On 27 July 2003, the tanker “TASMAN SPIRIT” grounded near the approaches to the port of Karachi giving rise to a major pollution incident. During the salvage operation that followed, Tsavliris chartered in the “SEA ANGEL” for a period of “up to 20 days” to assist in the transhipment of oil off the casualty. Unfortunately, once the transhipment operation had been completed, the Karachi Port Trust refused to permit the “SEA ANGEL” (and others) to leave port. The “SEA ANGEL” was detained at Karachi until 26 December 2003 and was only finally redelivered by Tsavliris on 1 January 2004.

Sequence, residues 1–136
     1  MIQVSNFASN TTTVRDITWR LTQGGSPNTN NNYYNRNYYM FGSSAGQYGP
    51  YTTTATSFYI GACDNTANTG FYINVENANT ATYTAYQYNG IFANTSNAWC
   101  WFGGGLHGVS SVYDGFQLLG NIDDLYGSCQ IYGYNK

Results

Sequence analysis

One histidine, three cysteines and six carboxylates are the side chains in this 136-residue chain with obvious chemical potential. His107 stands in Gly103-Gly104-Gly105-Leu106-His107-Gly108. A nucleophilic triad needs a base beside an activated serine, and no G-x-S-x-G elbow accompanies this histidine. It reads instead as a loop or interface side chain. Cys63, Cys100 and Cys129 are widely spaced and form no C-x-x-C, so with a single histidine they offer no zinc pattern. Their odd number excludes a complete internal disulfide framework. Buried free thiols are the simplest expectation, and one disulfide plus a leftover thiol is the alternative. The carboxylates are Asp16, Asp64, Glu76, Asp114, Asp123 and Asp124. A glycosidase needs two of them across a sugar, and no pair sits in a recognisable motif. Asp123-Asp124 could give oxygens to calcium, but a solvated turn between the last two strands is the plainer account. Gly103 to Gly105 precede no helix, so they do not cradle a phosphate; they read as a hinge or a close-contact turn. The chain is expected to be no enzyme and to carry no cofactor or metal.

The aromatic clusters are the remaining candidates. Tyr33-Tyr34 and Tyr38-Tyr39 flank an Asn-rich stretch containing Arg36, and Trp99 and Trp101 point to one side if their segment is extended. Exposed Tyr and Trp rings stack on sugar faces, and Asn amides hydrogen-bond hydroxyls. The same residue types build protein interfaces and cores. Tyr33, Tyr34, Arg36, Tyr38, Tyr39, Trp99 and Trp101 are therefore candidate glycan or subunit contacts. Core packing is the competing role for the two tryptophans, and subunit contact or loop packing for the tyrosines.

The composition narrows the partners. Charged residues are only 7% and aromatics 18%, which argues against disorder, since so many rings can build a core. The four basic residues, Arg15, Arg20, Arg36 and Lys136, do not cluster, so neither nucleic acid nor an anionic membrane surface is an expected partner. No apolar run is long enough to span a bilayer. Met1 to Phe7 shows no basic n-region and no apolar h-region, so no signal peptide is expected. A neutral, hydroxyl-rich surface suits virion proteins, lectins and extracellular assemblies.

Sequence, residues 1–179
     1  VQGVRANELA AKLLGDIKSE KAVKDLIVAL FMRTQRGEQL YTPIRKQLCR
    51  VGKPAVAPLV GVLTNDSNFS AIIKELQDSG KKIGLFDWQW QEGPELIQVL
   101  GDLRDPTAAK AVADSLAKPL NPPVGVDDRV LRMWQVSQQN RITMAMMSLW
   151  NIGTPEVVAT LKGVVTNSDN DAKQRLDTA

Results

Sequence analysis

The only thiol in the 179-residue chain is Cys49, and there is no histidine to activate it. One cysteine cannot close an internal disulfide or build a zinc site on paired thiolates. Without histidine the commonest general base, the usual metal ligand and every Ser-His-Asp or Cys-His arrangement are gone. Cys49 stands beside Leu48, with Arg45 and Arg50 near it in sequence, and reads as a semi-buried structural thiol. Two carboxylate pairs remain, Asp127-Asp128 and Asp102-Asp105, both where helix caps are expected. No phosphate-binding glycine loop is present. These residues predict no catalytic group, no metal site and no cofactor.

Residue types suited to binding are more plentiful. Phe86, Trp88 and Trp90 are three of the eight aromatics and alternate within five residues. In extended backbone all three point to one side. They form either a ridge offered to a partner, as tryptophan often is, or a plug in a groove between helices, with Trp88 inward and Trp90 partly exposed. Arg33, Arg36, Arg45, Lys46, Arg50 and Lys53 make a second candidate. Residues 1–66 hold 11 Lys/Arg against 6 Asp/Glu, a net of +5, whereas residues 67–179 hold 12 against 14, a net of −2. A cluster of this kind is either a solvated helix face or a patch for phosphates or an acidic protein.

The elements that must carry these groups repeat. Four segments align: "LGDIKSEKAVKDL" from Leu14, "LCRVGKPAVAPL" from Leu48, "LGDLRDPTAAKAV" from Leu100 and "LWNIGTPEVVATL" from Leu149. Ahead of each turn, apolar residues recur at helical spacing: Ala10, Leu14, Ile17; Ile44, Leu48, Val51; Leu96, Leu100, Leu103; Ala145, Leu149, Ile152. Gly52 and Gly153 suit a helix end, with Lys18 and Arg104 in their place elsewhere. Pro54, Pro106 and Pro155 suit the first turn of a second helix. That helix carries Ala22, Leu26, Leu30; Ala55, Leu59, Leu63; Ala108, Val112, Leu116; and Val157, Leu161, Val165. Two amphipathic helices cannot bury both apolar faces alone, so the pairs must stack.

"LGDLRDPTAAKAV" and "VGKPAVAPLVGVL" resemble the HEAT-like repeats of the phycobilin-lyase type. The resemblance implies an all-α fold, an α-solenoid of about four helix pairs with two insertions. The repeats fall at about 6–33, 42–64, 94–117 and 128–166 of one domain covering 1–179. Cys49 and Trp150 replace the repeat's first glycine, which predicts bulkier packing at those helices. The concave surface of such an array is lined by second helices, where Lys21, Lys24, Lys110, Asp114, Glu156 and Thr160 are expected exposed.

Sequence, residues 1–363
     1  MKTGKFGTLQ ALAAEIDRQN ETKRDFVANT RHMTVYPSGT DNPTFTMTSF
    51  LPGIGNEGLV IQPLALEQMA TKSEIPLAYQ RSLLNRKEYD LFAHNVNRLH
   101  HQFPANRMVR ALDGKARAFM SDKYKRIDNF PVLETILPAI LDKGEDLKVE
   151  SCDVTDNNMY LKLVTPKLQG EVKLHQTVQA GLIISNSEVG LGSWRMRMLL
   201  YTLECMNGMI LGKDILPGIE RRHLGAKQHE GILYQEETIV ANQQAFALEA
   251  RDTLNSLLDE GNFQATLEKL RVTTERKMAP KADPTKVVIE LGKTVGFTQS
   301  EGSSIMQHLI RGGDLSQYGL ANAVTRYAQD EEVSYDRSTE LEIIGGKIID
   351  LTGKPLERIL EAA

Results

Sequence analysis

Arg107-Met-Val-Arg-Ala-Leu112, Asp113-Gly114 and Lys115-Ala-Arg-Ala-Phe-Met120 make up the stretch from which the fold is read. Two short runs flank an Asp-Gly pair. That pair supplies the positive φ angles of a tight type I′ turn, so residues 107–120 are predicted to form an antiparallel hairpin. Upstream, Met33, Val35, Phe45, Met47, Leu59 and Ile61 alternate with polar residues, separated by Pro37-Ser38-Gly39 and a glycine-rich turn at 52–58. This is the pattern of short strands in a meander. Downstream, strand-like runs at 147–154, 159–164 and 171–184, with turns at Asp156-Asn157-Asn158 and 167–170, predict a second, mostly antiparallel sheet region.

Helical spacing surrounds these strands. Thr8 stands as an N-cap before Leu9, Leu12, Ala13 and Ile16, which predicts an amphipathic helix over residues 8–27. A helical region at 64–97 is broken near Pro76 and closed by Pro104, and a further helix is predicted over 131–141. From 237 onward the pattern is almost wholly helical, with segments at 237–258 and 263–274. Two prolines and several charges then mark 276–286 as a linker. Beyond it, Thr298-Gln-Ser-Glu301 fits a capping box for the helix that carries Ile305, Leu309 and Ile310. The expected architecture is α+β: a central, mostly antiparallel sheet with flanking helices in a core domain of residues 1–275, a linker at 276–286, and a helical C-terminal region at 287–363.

A dispute arose between Tsavliris and the owners of the “SEA ANGEL” as to unpaid hire, and the critical question became: “had the time charter been frustrated?” Both the Commercial Court and the Court of Appeal held that it had not – a decision of importance in the law of frustration as whole, and in particular to those operating in the salvage arena.
• What the Courts decided in the “SEA ANGEL” case
• The case’s importance to the doctrine of frustration
• Food for thought – some loose ends?
• The “SEA ANGEL” and the implications for insurers in commercial disputes
• The impact of the case on detention in the salvage industry